Interview on 2GB Overnights with Luke Grant
Topics: Free speech in universities; Smartphones in schools; Crackdown on dodgy family day care providers; Child care reforms; Tax reform




Luke Grant:                  Now, a lot has been going on in the education sector over the past few weeks. You’ll remember that earlier this week, we had Senator James Paterson calling for universities to face fines for failing to uphold free speech. I say hooray. The idea is that the proposed financial penalties would deter the kind of administrative cowardice, if I can use that expression, behind the ANU’s decision to ditch their Western civilisation degree. Now, we’re all well-versed in why that course was scrapped. The Education Minister, Senator Simon Birmingham, he oversees the university sector obviously, he said that with funding at record levels, taxpayers rightly expect that our universities uphold the values and the standards of free speech and academic freedom. Big tick there. It’s $17 billion in government funding that goes towards these institutions – $17 billion, a lot of money. Have a chat about that, and a really important development in child care and in particular the use of taxpayer dollars.


On the line is the Education Minister, Simon Birmingham. Senator, good to talk to you.




Simon Birmingham:     Hello, Luke, great to be with you.


Luke Grant:                  Thanks so much. Let’s go on first to the ANU and its ditching of the Western civilisation degree. There’s been lots of people talking about this obviously. We’ve had students at a Queensland university lose marks because they haven’t used gender-inclusive language. There’d be plenty of Australians hearing that and watching that news and thinking to themselves: gee, we spend a lot of money in this space and we’re not really getting what we thought we’re getting out of it.


Simon Birmingham:     Well, indeed. Look, if those stories about student losing marks over the type of language they use are true then that’s complete and utter madness, and that’s what we’ve publicly called it out as and we’ve certainly made it very clear that students ought to speak up if those things are happening and universities ought to hold their faculties and academics to account in terms of ensuring that free speech, free thought and common sense apply in our universities. And in terms of the Ramsay Centre proposal, look, this is a very generous bequest from the late Paul Ramsay. It’s a significant financial opportunity for a university. Of course they ought to protect their academic integrity and ensure that they’re not compromised by funding that’s made available to them. But equally, the very values that universities hold dear, in terms of freedom of thought and academic integrity, are basically the product of Western civilisation. So they should have absolutely nothing to fear about promoting the study of Western civilisation and scholarships for Australians to be able to do so.


Luke Grant:                  Do you agree, or are you of the view like your colleague Senator Paterson, that there needs to be at least a look at financial penalties when some of these institutions, seemingly lurching to the left, just rule the obvious stuff out?


Simon Birmingham:     We do have requirements already in terms of universities having to ensure they have academic integrity, and that’s written into higher education standards as they currently stand. Now, of course, the challenge then becomes ensuring that they’re upheld, but also how they’re interpreted and this is where, in the case of the Ramsay Centre, I hope and trust that a university successfully negotiates the deal with the Ramsay Centre to find a way to ensure this generous bequest is used for the benefit of the study of Western civilisation and scholarships for students and so forth. But I have to be mindful that ultimately unis are right to also say: we’re not going to have all of the terms dictated to us or that would compromise our freedoms.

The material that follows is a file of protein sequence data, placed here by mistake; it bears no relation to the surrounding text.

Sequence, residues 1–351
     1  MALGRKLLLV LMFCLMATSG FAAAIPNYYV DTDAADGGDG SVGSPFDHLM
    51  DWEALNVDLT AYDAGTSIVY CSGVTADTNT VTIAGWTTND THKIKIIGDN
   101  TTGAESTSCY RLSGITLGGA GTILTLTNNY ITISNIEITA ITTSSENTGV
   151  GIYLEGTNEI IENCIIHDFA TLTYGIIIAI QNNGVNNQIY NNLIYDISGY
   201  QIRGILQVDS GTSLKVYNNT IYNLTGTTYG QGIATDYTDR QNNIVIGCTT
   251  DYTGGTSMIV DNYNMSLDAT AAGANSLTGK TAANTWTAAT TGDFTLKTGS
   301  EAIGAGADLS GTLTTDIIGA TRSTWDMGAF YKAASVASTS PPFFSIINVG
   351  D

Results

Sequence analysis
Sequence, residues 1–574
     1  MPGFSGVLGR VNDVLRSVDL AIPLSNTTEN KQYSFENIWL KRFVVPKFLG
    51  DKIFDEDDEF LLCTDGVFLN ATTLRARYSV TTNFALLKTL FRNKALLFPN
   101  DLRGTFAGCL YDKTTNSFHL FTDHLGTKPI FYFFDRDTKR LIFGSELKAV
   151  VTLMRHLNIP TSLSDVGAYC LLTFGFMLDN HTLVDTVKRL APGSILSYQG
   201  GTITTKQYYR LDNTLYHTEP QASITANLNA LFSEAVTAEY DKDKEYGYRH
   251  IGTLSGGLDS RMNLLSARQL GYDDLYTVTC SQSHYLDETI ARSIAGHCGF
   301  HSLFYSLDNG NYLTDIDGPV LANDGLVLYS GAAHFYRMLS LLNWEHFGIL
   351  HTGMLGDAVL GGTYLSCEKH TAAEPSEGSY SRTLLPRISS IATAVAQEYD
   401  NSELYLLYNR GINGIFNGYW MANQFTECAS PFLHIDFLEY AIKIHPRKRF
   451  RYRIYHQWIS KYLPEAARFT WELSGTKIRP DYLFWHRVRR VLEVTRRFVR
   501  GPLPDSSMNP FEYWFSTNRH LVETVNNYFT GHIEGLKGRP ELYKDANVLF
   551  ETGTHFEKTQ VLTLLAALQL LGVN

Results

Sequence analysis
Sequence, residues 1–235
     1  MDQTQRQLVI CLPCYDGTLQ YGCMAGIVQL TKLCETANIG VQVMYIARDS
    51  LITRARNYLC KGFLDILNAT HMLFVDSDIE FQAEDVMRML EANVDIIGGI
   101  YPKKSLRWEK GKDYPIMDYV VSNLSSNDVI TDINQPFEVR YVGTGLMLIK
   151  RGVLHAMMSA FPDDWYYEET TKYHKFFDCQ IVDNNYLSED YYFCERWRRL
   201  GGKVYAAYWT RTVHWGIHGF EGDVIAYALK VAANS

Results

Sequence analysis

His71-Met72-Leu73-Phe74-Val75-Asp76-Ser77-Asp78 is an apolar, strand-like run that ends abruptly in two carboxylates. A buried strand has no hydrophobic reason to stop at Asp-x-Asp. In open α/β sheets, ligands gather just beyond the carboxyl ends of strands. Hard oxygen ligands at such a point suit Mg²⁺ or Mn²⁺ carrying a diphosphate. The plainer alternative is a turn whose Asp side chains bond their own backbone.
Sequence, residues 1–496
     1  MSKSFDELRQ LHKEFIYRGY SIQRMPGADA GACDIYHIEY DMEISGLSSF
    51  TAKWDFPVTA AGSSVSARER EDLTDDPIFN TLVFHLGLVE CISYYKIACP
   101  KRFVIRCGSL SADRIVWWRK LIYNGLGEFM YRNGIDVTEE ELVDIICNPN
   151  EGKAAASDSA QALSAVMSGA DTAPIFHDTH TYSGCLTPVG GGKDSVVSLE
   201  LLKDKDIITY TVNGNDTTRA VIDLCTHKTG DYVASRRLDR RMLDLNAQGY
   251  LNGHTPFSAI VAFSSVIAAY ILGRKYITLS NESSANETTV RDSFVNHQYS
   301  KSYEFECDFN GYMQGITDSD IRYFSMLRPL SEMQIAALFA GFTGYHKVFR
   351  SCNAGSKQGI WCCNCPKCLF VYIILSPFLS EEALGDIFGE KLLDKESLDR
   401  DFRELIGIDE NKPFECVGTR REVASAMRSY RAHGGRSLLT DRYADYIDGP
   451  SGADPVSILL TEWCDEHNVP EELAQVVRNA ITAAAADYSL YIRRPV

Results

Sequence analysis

Now, I’ve spoken personally to John Howard, who is chair of the Ramsay Centre, and he has assured me that they expect staff appointments to go through usual merit processes, that they expect curriculum to be agreed, not enforced. And so, I really hope that we can see this centre come to fruition and that we can absolutely have confidence that it is actually done in a way that delivers on the vision that Paul Ramsay had when he made the bequest, but also gives the universities the integrity, freedom, autonomy that they rightly expect.


Luke Grant:                  Alright. There’s lots in your area of expertise or responsibility. So let’s get to something else. Smartphones in school. That’s a debate we’re having now in New South Wales. It’s one they’re also having, I notice, in England as well.  What’s your take on that? When should students properly be able to access their smartphones?


Simon Birmingham:     I really welcome the initiative that Rob Stokes and the New South Wales Government have shown by initiating this review and by highlighting that it seems to be a problem, and it ought to be addressed. Several months ago now, I publicly called on the states and territories to have a look at the issue of phones in schools and I made clear that my view is personal mobile phones have no place in the classroom. Certainly not in primary schools, I doubt in middle schools and frankly in senior schools, you know, there’s still a question there, even though of course young people going into the workforce should also be learning how to make sure they manage and use their phones appropriately at that stage.


But, you know, frankly, a personal phone that’s connected up to the Internet, that’s connected up to different social media pages like Facebook and so on, really is a circumstance that is too much of a distraction for young people, is a distraction for the rest of the class then potentially, and of course can be a platform for cyber bullying or the like too. So I hope this review provides principals and teachers with really clear guidelines that don’t make the rules fall on to their shoulders and turn them into the bad guys, but actually makes it clear that we should have a common approach across big jurisdictions like New South Wales. Everybody should know where they stand. And technology that comes into the classroom, which is critical for learning nowadays, but it’s technology that is used for learning not personal devices.


Luke Grant:                  Yeah. I think that’s sensible. I agree with you. Now, this is really important. We like to be generous. We help people that need to be helped and we do that in this country probably better than most other countries around the world. But when you are like that, you obviously then lend yourself to being ripped off by the dodgies. And I’m delighted to say that, through a release from your office, that a six-month blitz targeting these dodgy providers within the family day care system has led to some serious enforcement action – 151 services – and stopping something like I think, Senator, $1 billion in taxpayer subsidies from wrongly flowing out the door. That’s a big win for the taxpayer.